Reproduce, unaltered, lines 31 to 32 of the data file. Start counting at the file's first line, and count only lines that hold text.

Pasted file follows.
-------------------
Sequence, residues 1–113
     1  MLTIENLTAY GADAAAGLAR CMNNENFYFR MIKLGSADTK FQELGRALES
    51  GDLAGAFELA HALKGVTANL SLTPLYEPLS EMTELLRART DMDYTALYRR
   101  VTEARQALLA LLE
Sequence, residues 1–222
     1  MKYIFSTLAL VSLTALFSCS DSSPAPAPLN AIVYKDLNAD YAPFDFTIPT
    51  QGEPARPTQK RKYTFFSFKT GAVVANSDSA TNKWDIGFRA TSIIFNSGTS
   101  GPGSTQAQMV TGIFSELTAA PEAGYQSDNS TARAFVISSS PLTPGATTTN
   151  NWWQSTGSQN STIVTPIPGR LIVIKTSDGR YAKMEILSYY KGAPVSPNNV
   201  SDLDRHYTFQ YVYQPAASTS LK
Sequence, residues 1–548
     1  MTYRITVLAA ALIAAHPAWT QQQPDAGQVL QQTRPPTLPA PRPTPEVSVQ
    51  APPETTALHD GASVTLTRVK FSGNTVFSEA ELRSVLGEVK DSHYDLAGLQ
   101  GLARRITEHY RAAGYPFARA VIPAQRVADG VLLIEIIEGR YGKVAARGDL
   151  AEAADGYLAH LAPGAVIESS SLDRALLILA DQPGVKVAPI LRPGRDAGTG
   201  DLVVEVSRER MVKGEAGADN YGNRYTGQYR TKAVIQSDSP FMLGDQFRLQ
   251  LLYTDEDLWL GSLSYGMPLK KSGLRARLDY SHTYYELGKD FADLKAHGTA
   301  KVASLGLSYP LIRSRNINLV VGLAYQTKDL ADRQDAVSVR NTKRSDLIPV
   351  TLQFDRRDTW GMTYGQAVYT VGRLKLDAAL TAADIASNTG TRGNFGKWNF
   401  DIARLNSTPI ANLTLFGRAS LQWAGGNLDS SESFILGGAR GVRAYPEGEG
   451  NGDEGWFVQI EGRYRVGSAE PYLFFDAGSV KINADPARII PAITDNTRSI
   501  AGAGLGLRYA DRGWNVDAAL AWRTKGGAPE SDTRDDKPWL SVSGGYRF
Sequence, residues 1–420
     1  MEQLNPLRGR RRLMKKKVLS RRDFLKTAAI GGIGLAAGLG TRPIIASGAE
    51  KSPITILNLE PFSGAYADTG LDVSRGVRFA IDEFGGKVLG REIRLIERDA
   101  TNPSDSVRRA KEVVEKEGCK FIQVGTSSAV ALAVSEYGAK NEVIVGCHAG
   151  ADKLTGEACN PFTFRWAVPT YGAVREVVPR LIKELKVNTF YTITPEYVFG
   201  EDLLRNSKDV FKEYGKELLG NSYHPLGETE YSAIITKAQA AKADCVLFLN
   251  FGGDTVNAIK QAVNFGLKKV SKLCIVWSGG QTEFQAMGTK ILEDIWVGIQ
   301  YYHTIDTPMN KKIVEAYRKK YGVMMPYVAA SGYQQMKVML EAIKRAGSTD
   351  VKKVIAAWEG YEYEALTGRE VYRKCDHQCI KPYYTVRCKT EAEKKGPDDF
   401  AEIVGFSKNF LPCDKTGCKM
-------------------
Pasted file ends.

   351  VKKVIAAWEG YEYEALTGRE VYRKCDHQCI KPYYTVRCKT EAEKKGPDDF
   401  AEIVGFSKNF LPCDKTGCKM